One time, a woman I’d gone to college with — but wasn’t very close to — came back to town and asked if she could come to my home for an evening. I said ‘yes,” and after spending a full five hours and a bottle of wine, I realized we’d changed A LOT, and had very little in common besides our brief 6 months as room mates. She calls me and tries to pin me down every time she comes back home from the East Coast now, and I always end up finding an excuse to avoid her visits.

    So keep your exceptions in check — and maybe suggest to your friend that you realize she is busy, but you would love to have dinner with her one evening while you are in town. If she wants to spend more time with you, and is able to do that, she will extend the invitation. But do plan to have other activities and sightseeing that you can do on your own. You might really enjoy your time there!

  2. Michele says:

    This is a follow up to my question above. Thank you Dr. Irene for replying. Thank you Amy and Laura for your responses, also.

    I ended up going to see my friend. We talked before I left.
    She insisted that I stay with her. I asked her in our phone conversation before I left, was she ok with me visiting? She said yes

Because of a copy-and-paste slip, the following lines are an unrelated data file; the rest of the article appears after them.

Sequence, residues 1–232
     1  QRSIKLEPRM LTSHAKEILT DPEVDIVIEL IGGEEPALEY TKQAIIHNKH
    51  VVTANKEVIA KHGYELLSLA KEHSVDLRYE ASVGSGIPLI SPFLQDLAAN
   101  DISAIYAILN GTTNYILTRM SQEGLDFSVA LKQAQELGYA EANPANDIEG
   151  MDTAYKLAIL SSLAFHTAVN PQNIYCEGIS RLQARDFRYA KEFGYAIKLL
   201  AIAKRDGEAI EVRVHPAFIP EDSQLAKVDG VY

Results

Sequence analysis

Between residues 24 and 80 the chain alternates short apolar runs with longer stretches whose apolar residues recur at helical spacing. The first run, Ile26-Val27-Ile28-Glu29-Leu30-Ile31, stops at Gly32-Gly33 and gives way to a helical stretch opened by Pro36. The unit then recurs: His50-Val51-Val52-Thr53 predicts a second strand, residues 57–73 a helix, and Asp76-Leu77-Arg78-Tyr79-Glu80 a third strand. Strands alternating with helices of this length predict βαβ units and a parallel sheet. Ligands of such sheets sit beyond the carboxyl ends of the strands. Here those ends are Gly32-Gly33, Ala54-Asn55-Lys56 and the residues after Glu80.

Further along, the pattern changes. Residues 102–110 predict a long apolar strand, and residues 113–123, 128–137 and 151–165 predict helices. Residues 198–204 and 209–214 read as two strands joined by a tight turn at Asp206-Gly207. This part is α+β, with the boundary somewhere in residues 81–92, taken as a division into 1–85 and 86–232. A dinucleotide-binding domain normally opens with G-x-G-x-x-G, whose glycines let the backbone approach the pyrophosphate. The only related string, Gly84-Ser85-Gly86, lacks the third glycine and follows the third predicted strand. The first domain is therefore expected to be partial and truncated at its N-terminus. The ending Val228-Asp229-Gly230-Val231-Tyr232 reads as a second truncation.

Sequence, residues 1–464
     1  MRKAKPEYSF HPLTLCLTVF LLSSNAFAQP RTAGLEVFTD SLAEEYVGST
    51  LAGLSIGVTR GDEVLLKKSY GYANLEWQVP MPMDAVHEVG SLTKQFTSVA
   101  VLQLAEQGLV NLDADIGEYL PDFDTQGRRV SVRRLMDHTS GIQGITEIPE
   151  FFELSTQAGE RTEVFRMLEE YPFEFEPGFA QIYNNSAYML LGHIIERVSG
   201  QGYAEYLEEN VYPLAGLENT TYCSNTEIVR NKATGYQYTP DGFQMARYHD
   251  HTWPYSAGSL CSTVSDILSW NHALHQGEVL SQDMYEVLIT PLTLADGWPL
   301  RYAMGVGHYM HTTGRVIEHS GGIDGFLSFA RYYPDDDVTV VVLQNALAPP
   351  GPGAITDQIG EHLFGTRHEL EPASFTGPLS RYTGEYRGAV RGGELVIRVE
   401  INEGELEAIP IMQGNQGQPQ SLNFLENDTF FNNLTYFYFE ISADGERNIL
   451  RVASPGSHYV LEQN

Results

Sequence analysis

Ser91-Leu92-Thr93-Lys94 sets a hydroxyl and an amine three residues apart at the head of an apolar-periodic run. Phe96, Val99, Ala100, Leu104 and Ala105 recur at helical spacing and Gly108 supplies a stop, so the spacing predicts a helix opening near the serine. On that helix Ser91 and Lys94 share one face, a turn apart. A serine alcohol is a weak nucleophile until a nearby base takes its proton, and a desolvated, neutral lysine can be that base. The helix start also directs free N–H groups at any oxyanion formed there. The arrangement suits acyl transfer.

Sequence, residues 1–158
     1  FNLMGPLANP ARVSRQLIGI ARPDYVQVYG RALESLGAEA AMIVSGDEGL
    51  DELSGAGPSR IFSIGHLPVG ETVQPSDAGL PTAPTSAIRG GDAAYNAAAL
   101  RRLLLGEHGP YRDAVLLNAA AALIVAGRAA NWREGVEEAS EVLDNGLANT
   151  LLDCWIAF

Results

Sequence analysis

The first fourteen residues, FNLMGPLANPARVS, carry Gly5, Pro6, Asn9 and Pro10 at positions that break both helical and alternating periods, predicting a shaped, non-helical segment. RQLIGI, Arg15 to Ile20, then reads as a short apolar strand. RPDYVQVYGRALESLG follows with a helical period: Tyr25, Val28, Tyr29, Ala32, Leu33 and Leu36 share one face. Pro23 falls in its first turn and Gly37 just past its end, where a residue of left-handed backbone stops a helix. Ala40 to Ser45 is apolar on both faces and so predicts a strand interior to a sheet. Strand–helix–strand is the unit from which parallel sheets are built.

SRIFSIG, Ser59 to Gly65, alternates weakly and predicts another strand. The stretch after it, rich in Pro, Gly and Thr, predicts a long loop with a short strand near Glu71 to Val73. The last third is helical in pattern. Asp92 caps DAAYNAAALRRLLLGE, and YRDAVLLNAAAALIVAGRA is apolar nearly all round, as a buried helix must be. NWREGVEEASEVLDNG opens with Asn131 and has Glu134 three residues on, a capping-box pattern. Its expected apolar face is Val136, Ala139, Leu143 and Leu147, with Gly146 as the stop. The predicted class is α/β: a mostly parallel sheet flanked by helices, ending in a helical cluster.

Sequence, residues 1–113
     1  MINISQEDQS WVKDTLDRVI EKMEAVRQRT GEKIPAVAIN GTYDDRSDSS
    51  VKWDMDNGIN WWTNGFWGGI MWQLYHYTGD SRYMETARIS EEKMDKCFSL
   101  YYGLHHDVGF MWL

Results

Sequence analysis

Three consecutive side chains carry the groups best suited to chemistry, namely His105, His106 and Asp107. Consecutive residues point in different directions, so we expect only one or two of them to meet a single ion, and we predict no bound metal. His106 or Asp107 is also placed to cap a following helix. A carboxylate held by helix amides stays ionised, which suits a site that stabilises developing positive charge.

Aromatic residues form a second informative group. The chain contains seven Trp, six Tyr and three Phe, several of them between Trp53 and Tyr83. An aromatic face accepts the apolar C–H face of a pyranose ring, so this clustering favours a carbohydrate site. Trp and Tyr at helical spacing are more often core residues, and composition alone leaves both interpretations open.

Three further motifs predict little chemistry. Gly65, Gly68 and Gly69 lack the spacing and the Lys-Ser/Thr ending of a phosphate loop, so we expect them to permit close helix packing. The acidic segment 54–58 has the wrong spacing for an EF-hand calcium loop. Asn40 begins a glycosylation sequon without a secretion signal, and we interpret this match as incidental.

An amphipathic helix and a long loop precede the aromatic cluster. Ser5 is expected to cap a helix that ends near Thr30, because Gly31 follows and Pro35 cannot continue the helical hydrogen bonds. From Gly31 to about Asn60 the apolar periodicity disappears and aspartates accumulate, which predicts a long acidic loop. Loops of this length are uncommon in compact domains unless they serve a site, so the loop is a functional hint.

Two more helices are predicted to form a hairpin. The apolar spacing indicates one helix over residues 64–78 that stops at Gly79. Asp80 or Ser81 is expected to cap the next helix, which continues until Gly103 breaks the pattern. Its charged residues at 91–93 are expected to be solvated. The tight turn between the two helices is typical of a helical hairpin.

that both she and her husband were ok with me visiting and staying with them. She incorporated me into her life, for example, visiting relatives while showing me around town, meeting her friends but also sightseeing with me as well. I cooked dinner for them as a thank you for their hospitality. I treated her and she treated me. I also brought gifts for them from a city I visited before visiting them. I was also going thru an emotional issue which she helped me with.
    All in all, it was a pretty good visit. We talked, laughed and cried. Ate and drank, too! We reconnected and while we will not be the call each other every day or every month kind of friends, the drift won’t be as wide. Most of all, I got to see that she found what her heart was searching for. I was glad to see that.

  3. LauraSL says:

    It sounds like your friendship has drifted over the years. The only way you’ll know for sure is by visiting. I was going to suggest backing out with a white lie, but since it sounds like you have non-refundable reservations and need the vacay, Irene’s suggestion to plan other activities is spot on. I hope you’ll be pleasantly surprised.

  4. Amy F says:

    Make a list of things you want to do, so you have a plan B if she’s not available, physically or emotionally. Be prepared to entertain yourself, just in case she’s not up to entertaining. Some people aren’t very assertive and don’t have the communication skills to set boundaries or say they aren’t up for a visit. I hope she’s not one of these folks. Keep your expectations low, on par with the amount you’ve gotten from the friendship recently. That way you won’t be disappointed and you can make the best of your time, without depending on her for your enjoyment. Good luck.